I met Neelu’s Papa just once, two or three years ago.  I went to her home for a meeting we’d planned. It wasn’t Neelu who opened the door, but a trim gray-haired gentleman.  “Neelu had to step out unexpectedly to pick up her daughter,” he told me, “she asked me to tell you she’d be back in a few minutes.  I’m Neelu’s father,” he introduced himself, as he ushered me into their living room, “please come in and sit down.” He offered me a cup of tea and insisted on sitting and chatting with me until Neelu returned home; telling me about his son, daughter, grandchildren, and how he spent time traveling back and forth between Mumbai and California to be with each of them. In those fifteen short minutes, I got a sense of the man and his love for his family.

Neelu’s Papa died late last month in Mumbai, a victim of COVID-19. I watched as she did her very best to ensure that her father received the best possible care; driven to do the best she could, and distraught and helpless at not being able to travel halfway around the world to be with him, hold his hand, and be there for and with him, in the way she so desperately wanted. 

Neelu could not have dialed up a better day for a prayer ceremony and remembrance for her beloved Papa. It was crisp and sunny in her backyard as she and her family performed the traditional Hindu rituals sitting around the Havan Kund, as the prayers and shlokas invoking eternal peace for the departed soul were expertly chanted and rituals orchestrated and explained by a learned priest dialing in remotely from New Jersey. Fifty-plus relatives, friends, and colleagues of the family watched remotely on Zoom from locations across California, the US, and India. It was a surreal experience – this improbable juxtaposition of ancient Vedic rituals, many thousand years old, with a fledgling technology that enabled far-flung, somber, and grieving onlookers to hold hands in remembrance and prayer in a single virtual room.

The final prayer was complete. Then came the eulogies and the sharing of memories, tears, and laughter; in a trickle that soon became an outpouring of emotion. A picture emerged of Papa and the man he was. A loving father, grandfather, friend, neighbor, and mentor. The adopted ‘uncle’ of many.  A loving, caring father who sacrificed a lot in his own life in order to give his children the education and grounding that would carry them to successful professional careers.  A man who helped look after the grandchildren he loved deeply – a love that was reciprocated by them manyfold. A man who never forgot someone’s birthday or anniversary; who always made time to reach out to people, meet them, talk to them, and inquire about their wellbeing. Invariably over a cup of tea, as evidenced by the number of people who, in their reminiscences, talked about chai with Papa ji!  A simple, decent, hardworking, loving caring soul. One whose loss reverberates through many households, cities, and countries; his influence and memories carved indelibly in the hearts and minds of so many.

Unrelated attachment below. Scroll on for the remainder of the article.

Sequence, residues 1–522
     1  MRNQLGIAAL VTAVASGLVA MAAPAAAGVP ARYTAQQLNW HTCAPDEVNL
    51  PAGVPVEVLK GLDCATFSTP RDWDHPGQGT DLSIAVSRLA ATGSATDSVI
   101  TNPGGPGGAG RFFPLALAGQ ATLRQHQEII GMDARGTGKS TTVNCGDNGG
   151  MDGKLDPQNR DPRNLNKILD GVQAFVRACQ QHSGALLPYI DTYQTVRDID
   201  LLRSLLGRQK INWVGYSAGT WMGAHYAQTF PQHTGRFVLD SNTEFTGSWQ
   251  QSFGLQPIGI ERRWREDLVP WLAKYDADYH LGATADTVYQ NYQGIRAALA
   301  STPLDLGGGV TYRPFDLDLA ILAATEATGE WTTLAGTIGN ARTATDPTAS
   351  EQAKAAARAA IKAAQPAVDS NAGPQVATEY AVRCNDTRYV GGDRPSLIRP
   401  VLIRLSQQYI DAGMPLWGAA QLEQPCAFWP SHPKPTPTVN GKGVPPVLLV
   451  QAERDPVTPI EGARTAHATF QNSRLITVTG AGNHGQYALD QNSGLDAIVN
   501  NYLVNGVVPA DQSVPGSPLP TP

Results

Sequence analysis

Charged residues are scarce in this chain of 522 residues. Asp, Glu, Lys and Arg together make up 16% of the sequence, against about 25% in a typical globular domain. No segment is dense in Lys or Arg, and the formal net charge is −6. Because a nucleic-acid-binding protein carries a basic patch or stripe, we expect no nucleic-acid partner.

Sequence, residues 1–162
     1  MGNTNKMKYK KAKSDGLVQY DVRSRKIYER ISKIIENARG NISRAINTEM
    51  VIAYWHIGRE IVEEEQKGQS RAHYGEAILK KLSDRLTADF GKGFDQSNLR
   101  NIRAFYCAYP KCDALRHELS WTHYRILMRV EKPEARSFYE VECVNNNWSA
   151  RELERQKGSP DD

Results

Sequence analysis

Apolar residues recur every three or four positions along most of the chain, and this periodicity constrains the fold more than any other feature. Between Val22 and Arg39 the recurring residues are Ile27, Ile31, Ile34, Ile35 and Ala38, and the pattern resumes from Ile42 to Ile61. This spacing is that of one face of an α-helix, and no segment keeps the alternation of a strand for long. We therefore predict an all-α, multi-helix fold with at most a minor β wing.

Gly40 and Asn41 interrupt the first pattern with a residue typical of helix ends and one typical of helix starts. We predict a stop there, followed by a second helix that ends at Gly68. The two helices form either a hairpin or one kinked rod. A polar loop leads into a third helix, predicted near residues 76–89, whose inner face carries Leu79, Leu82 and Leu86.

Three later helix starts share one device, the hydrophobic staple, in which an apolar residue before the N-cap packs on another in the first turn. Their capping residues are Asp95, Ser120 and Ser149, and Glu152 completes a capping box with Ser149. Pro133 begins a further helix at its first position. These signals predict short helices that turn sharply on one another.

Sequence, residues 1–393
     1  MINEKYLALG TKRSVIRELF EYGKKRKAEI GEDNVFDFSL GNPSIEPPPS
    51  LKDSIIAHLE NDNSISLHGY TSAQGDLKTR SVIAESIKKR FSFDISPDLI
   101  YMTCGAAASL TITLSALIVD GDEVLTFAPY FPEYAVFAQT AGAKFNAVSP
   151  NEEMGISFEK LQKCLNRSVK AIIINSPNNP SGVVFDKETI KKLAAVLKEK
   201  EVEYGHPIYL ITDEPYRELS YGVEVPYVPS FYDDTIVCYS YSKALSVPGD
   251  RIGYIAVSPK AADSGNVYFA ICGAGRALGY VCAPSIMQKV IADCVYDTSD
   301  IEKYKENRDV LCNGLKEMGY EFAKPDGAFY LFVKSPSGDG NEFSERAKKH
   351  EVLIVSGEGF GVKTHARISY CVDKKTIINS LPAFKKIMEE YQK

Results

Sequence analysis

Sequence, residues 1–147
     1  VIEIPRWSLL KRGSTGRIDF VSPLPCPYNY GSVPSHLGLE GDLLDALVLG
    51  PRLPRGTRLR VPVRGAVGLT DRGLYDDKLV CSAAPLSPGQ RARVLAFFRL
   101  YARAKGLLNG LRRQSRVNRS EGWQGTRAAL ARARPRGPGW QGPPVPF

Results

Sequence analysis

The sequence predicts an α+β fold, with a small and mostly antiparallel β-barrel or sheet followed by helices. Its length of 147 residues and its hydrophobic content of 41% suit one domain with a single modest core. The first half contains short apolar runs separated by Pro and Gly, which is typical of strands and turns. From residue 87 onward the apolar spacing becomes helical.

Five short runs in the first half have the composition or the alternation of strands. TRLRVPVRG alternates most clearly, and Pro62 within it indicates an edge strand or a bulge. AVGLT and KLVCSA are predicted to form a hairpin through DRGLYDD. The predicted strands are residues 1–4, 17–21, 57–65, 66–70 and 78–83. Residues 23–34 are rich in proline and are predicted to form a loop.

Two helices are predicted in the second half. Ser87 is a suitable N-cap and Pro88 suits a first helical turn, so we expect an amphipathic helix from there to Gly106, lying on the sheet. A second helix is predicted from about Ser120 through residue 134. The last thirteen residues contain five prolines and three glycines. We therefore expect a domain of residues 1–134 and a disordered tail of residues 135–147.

I am blessed and fortunate to be among those whose path through life crossed with his. It is, however, my loss that I did not have the good fortune to share a few more cups of tea with Papa.

We have lost yet another treasured soul to the illness that this scourge, monstrous Coronavirus has inflicted on humanity.  Each death has shattered the lives of so many.  As I write this piece, more than 1.2 million lives have been lost to COVID-19 worldwide – with more than 230,000 of those in the US – staggeringly large numbers that fail to describe, or even begin to measure the impact of their loss on all their loved ones.  How many more stories like Papa’s remain to be told? 

We can all collectively heal as a community, as a nation, and as members of the human race by sharing our memories of these departed souls. Each one of them must be cherished and treasured. We can live our lives better by celebrating theirs and passing on to those that follow the life lessons they taught us.

Neelu’s Papa, we will all miss you!


Mukund Acharya is a co-founder of Sukham, an all-volunteer non-profit organization in the Bay Area established to advocate for healthy aging within the South Asian community. He is also a columnist for India Currents.